This kind of a fast has its place—it is a nice reminder of the holiness of Lent, it can correct bad habits and indulgences, it is a daily practice of giving something up for God. But I think the fast we need, the fast my heart yearns for, is deeper and more significant than putting down a favorite luxury only to pick it up again after Easter. I am hungry for God. I am lonely for the luxury of spending time with the Holy One. Ignoring my craving for chocolate will not satisfy my craving for connection with God. Making more room in the waistline of my clothes will not necessarily make more room in my life for God.
Joel says, “Return to the Lord, your God, for he is gracious and merciful, slow to anger, and abounding in steadfast love, and relents from punishing.” I need grace and mercy. I need to slow my own anger, and return my love to abundant proportions. I have not relented from punishing myself and others. I have not shown grace to them or to myself. It is time to fast from busyness, from judgment, from complaining, from worry, from harried hours, from control. It is time to spend time with the God who is gracious and merciful, slow to anger, abounding in steadfast love.
Fasting is making room for God. We say “no” to the things that bind us to ourselves and this world, so that we can make room to say “yes” to God. It’s time to call a fast.
Watch this beautiful, moving version of the story of Jesus’ fast and temptation in the wilderness. Think about the ways Jesus says “no.” (Hint: It’s not just to the Tempter). Notice the ways Jesus says “yes” as well—the way time alone with God is joy as well as struggle.
“For my thirtieth birthday,” it begins, “I gave myself some time away from it all.” Saying “no” to companionship, to food, to work, to the comforts of home, Jesus in the wilderness discovers the joy of playing with pigeons, frolicking with foxes, gazing at the moon, and watching a flower grow. Jesus embraces weakness, as his skin grows ragged and his body thinner, so that he comes to know the strength of God. He experiences fear and anguish over his own life and death as the vultures circle. He confronts his pride in the presence of the Tempter, which in this depiction appears as simply a stronger version of Jesus himself, urging him to say yes to strength and power again. The Tempter urges him to rely on his own powers, judgment, control, certainty–instead of placing his life in the hands of God. When he refuses his own strength, he knows the presence of angels, who minister to him, who lift him up and carry him back home again. “And now,” he says at the end, “I’m back.”
My friends, for the coming 40 days of Lent, I’m joining the prophet Joel in calling a fast. I want time in the wilderness with Jesus. Will you join me? Will you wrestle with saying “no” to a stronger, more competent and productive you, in order to make room for the strength of God to carry you? Will you slow down, let go, give up, forego in order that you might be blessed by the birds, moved by the moon, enamored of the spring flowers? Will you show your weakness, let go of your busyness, give up some control, that you might come to know the ministrations of angels? “Return to the Lord, your God, for he is gracious and merciful, slow to anger, and abounding in steadfast love, and relents from punishing.” Come, let us enter the fast together.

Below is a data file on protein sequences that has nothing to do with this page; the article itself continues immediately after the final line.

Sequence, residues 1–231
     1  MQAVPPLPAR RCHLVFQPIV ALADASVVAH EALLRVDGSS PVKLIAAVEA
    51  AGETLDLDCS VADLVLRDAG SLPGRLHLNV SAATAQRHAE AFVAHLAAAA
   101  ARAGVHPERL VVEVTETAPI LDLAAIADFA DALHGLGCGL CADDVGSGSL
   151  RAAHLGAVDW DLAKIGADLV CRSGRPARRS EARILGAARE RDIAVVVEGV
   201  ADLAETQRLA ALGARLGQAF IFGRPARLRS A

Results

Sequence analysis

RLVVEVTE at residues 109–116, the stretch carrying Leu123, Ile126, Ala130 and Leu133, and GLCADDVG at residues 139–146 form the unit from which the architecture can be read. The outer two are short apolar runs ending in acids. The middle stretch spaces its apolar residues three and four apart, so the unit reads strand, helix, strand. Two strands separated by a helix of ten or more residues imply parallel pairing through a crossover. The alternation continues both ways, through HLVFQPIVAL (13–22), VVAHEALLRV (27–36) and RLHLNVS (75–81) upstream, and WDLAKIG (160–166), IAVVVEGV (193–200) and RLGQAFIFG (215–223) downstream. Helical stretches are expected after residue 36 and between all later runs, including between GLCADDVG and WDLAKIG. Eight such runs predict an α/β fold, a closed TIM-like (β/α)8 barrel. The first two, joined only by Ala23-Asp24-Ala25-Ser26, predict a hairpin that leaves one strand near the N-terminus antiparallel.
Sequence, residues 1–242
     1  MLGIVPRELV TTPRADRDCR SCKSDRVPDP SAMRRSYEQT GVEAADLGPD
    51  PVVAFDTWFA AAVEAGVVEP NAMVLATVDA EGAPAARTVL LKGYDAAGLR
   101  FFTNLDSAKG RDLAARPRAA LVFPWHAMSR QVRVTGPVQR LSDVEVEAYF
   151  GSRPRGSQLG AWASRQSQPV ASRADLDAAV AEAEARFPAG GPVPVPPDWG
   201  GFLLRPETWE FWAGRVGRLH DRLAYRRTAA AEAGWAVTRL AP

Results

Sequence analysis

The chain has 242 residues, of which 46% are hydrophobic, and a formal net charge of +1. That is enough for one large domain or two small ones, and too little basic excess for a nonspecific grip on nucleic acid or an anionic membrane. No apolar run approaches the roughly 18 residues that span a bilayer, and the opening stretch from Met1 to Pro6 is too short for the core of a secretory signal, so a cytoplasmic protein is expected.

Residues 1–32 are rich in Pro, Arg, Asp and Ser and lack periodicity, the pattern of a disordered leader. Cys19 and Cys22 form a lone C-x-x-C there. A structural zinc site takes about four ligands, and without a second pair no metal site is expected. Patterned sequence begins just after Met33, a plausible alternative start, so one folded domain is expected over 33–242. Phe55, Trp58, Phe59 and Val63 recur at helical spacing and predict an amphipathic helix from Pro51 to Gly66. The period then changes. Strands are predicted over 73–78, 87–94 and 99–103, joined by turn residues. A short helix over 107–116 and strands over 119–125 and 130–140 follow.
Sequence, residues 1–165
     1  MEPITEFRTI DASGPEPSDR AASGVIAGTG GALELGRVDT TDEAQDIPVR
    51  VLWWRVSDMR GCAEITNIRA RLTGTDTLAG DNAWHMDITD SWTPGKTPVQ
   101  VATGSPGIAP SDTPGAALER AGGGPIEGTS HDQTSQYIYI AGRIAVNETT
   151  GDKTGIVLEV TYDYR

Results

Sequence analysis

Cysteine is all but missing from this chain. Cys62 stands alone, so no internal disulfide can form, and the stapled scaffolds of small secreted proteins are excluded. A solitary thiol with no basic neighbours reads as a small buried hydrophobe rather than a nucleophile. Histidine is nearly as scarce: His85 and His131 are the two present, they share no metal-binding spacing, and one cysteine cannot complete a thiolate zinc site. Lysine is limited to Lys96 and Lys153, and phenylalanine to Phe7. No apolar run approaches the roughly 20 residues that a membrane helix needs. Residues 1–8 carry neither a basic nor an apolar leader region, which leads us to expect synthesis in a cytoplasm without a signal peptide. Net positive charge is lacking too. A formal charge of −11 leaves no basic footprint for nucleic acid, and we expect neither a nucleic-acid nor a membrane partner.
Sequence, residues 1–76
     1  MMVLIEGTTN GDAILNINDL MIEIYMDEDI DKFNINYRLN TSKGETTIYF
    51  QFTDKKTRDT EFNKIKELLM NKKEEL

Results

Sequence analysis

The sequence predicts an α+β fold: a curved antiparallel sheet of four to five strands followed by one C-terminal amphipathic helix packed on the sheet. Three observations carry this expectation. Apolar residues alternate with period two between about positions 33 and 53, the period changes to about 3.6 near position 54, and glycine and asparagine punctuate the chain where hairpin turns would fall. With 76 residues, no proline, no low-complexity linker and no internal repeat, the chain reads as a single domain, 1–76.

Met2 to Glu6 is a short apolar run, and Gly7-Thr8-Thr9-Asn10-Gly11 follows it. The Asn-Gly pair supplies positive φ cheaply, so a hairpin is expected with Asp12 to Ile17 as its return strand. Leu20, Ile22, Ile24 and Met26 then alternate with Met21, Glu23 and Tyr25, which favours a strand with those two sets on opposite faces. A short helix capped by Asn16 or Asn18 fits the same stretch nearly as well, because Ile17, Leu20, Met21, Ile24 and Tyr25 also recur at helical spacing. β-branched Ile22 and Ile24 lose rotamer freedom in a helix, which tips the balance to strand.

Our family enjoyed a vacation to visit family in Florida a few weeks back, including one morning at the beach. J was building a master sandcastle, I was sticking my feet in the cold water, and B was playing in the sand and chasing seagulls. The beach was mostly empty. His fear of the water kept him far away from danger, so we let him wander freely as we all enjoyed the sun and sand and ocean spray. He generally stayed within a 10-15 yard radius. We kept an eye out, but trusted him to stay close. For over an hour, he ran and returned, up and down the beach. The tie-dyed blue and yellow bulls-eye on his shirt made him easy to spot, no matter what.
Then I looked up one time and decided he had strayed a little too far. I called out to him, but he couldn’t hear over the sound of the waves. I figured he was running over to investigate some fishermen just down the beach, and he would turn around after he checked them out. When he kept running past their poles and buckets, I started out after him, calling his name again and again. He just kept running down the beach. I started to get angry, quickened my pace to try to close the distance, and waited for him to turn around. He just kept running. He was getting faster, and farther away. I started to run—and I don’t run—and called out to him louder and louder. I started to contemplate what kind of consequences to apply to a child who runs away. He just kept running and running, and I couldn’t figure out why he wasn’t getting tired, stopping, looking back. I ran and ran, but I couldn’t catch up to him.
Finally, an older gentleman noticed a young child running alone and looked back for a parent. I gestured that I was trying to catch him, and the man jogged to catch up to B and stop him. He touched him on the shoulder, bent down and turned him around to face me, pointing me out running along behind him. B took off running again, but this time toward me.
It was only then that I realized what had happened. He had gotten confused and thought he was lost. He panicked, and just started running faster and faster. By the time I caught up to him he was red-faced, crying and shaking with fear. All the harsh words I’d been planning vanished, and I simply embraced him in the sand.